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California is set to become the first state in the country to remove all state and local laws prohibiting the purchase and possession of steroids. 

The state has taken a number of steps to protect its users and has banned the use of steroids, including requiring people to go through a urine test before being allowed to buy them. 

But California is not the only state that’s taking action to limit the use and abuse of steroids in the state. 

Several states are also looking to curb their use, and one of them is New Jersey. 

A new law is taking effect on April 1, requiring people who use steroids to undergo a drug test before purchasing or possessing them.

The law applies to any person, regardless of their age, job, and financial status.

It will also prohibit anyone who has ever used steroids from buying or possessing it.

The measure was introduced by Assemblywoman Kristin Tugman, who has been working to fight the illegal steroid use in the Garden State.

Tugmen is a Democrat from Newark, New Jersey, who introduced a similar measure last year that was defeated in the Assembly by Assemblyman Michael Marino.

New Jersey law was enacted after the Centers for Disease Control and Prevention found that over a million people in the United States were taking steroids in recent years.

Togerman’s legislation will make it illegal to buy, possess, or use steroids in any form.

The law will also require the state to issue a warning to anyone who uses steroids.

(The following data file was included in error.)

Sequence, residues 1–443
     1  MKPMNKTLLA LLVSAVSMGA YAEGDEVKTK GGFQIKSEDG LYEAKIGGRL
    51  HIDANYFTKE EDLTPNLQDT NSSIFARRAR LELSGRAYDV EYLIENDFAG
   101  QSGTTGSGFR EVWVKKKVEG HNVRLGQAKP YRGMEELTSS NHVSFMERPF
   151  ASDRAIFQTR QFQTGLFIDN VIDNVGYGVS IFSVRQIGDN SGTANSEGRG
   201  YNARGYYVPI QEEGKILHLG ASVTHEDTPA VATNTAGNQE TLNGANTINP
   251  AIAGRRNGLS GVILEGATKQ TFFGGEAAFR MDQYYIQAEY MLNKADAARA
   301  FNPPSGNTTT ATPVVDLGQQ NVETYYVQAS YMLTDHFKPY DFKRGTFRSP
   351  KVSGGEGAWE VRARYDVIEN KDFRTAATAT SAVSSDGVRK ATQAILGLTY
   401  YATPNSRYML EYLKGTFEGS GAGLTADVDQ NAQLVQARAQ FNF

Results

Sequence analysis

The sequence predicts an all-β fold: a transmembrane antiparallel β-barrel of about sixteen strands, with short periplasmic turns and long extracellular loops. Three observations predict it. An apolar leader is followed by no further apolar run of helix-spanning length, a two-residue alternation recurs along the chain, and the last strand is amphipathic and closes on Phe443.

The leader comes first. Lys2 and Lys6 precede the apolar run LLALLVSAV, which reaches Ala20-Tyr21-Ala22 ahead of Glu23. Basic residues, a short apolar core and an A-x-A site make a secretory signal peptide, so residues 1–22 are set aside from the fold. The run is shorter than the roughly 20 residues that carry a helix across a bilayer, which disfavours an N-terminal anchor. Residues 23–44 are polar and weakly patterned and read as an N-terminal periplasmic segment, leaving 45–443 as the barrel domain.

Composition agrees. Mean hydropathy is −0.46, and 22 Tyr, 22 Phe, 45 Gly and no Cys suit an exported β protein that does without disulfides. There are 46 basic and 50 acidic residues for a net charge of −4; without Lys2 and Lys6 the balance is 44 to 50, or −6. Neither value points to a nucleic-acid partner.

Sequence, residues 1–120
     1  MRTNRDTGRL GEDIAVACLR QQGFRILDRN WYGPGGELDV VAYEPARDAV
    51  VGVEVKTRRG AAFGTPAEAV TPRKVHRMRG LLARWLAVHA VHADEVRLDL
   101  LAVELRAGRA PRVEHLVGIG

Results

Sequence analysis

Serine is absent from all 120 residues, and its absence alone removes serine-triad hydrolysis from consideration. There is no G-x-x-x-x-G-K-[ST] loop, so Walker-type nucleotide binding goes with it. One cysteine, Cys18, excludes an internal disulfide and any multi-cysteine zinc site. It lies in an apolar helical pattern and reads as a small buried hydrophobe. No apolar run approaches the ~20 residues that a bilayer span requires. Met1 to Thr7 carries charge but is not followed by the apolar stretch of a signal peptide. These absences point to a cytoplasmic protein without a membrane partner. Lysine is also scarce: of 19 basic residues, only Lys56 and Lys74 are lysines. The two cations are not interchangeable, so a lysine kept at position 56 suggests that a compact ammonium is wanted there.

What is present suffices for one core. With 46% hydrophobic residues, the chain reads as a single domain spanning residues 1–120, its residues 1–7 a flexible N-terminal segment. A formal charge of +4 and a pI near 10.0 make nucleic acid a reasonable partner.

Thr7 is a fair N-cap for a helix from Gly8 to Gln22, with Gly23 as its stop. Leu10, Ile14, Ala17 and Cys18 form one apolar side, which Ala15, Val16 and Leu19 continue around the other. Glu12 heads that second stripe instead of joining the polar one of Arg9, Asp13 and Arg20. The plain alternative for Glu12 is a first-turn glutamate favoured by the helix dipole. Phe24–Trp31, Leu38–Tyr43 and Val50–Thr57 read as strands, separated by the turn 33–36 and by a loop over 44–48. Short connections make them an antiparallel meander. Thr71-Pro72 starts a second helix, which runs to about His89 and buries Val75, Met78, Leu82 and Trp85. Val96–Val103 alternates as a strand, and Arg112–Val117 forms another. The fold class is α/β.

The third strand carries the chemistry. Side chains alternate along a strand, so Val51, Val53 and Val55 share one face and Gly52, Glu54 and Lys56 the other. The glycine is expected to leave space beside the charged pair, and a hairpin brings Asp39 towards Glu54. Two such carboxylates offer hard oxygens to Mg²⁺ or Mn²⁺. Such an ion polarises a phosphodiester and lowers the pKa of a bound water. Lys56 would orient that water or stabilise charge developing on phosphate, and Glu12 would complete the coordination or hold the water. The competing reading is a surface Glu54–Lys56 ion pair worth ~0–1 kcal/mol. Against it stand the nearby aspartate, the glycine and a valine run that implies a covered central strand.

The state has a population of about 30 million, making it the largest population of steroids users in the world.

“It’s the most common form of steroid abuse, and the people who are using it are taking advantage of it,” Tugmans told ABC News.

“They’re not the ones abusing it.

So the first thing we need to do is make sure that we’re catching these people before they’re doing any harm.”

Tugman’s legislation is part of a growing movement in New Jersey to address the steroid abuse epidemic, which is already a huge issue in the Northeast.

A bill that was introduced in January to regulate the sale of steroids by requiring drug test results and required that any steroids that are sold in New York state be tested has garnered support from state Sen. Raymond Lesniak, who is also a Democrat.

Lesniak said that steroids are being given a bad name, but there is a reason why they are called steroids.

“When you’re dealing with steroids, there’s nothing wrong with a little bit of money being spent, but it’s just a form of drug abuse,” he told ABC News last year.

“I think that steroids should be regulated as if they are a drug.

The only way to get people off steroids is to make them aware that steroids can be dangerous, and they can be harmful to their health.”

Togerman told ABC affiliate WHYY that while she is pleased that a new law will go into effect in the coming days, she is concerned about the negative impact it may have on people who might not have tested positive, especially those who are young.

“You’re going to have people who don’t know they are taking steroids who will start taking steroids,” she said.

“And the kids will get caught up in that and they’ll get caught in the cycle of steroids.” 

Steroids are not only a problem in the New Jersey state, but in many other states.

In addition to New Jersey and New York, states like Tennessee, Mississippi, Alabama, and Arkansas have also legalized the sale and possession of steroids, and several other states have banned the sale or possession of them altogether. 

Some states have even tried to make it harder for people to get caught with the substances.

A recent bill that would have required people who sell or possess steroids to get a urine sample was killed by lawmakers in Minnesota in January, after a petition signed by more than 1.3 million people raised concerns about its effects on users. 

Tugmen said that while the new law might not be as strict as the one introduced in New Hampshire, it still needs to be passed.